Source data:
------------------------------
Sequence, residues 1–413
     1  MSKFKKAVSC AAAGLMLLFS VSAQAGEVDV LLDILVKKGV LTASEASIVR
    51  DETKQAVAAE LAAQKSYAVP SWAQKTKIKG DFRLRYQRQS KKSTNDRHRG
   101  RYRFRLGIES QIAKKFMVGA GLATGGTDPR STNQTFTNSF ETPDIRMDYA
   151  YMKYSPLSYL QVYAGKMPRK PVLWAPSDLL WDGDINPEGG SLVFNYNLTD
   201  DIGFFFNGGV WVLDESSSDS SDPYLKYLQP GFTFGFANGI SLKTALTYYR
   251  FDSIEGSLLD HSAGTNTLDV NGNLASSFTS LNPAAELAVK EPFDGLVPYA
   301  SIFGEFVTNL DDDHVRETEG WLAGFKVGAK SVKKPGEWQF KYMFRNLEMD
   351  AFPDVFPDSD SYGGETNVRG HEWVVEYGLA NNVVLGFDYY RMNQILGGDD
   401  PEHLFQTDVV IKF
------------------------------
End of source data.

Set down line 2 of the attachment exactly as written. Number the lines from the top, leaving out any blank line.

     1  MSKFKKAVSC AAAGLMLLFS VSAQAGEVDV LLDILVKKGV LTASEASIVR